10 Things You Need To Know About This Weekend's Storm

10:55 PM, Dec 20, 2013   |    comments
Photo Courtesy of Jennifer Lewis
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A very complex situation is setting up for this weekend as much warmer air works up from the south and colder, Arctic air funnels down from the north.  The combination will set the stage for all sorts of icing throughout a good portion of Maine this weekend.  Here are 10 things you need to know about this weekend's storm.

  1. Light showers of freezing rain will begin overnight tonight for a good chunk of Maine, making for spots of slippery travel and footing for Saturday morning.  Although amounts won't add to much, even a trace of freezing rain can prove to be dangerous for travel...even simply walking on the front steps or walkway. (Track the precipitation with our Interactive Radar here!)
  2. Light rain and snow showers, as well as pockets of freezing rain, will continue into Saturday.  Again, amounts should be quite light.  There may be a couple inches of snow in far northern Maine by the end of Saturday.
  3. The real action begins late Saturday night with another area of low pressure moving along a nearly stationary front.  Rain will fall into air that is a few degrees below freezing, leading to freezing rain across a good portion of interior Maine.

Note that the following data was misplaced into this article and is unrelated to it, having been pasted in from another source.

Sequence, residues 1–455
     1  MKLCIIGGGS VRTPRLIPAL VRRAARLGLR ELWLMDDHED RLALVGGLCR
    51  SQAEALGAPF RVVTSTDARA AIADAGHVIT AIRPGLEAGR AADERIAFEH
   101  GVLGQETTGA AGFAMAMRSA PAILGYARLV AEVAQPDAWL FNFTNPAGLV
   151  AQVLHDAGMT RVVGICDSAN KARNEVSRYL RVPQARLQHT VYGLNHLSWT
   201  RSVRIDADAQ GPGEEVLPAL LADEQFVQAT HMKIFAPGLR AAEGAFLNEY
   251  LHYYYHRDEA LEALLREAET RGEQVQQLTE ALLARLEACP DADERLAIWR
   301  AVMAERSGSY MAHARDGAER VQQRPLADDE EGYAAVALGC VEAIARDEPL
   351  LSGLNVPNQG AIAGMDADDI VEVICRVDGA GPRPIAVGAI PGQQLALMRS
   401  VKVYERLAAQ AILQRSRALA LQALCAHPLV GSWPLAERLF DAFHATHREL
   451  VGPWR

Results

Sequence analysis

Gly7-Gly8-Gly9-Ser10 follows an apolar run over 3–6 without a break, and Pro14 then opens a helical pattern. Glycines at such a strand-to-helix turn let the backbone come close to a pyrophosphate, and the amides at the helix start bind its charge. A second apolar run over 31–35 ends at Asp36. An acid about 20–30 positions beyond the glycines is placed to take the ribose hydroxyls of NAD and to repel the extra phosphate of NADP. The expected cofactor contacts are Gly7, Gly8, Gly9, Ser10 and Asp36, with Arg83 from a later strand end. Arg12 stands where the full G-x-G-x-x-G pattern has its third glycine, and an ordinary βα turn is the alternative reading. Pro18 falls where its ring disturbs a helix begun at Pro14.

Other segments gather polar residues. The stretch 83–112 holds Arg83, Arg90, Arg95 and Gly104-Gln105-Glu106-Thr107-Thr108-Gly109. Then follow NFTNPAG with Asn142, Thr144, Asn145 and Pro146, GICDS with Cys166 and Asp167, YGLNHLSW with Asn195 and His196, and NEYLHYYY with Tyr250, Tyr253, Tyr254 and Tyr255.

4. Where freezing rain does fall, ¼-½" of ice may accumulate, weighing on trees and power lines.
  5. Widespread power outages are very likely and preparations should be made for several days, perhaps, without power.
  6. The worst icing will occur several miles north of a stalled front; hardest hit areas look to be from Coos County in NH through western and central Maine, to Downeast.  The Midcoast remains a tough call, but at least some freezing rain is likely here.  Areas south of Portland should stay mainly plain rain.
  7. Travel toward the south, including southern NH, Mass, and points beyond will not be a problem with temperatures into the 50s and plain rain.
  8. In Aroostook and northern Piscataquis and Penobscot Counties, several inches of wet snow will fall, with occasional sleet mixing in.  The weight of this snow will make it difficult to move and also weigh down on tree limbs and power lines.
  9. The storm will wind down Sunday afternoon as precipitation slowly tapers and ends in the evening.
  10. The ice will result from warmer air aloft coming up from the south and warming low and mid-levels well above freezing, while dense, cold air right near ground level will be oozing southward from a strong Arctic high to our north.  Precipitation which originally falls as snow will melt in the warmer air aloft, then refreeze.  If the cold air near the ground is "tall" enough for the melted precipitation to refreeze before it hits the ground, we'll see sleet.  If the cold air isn't "tall" enough and the precipitation falls to the ground as liquid and then refreezes, we'll see freezing rain.  This is the most dangerous type of winter precipitation.

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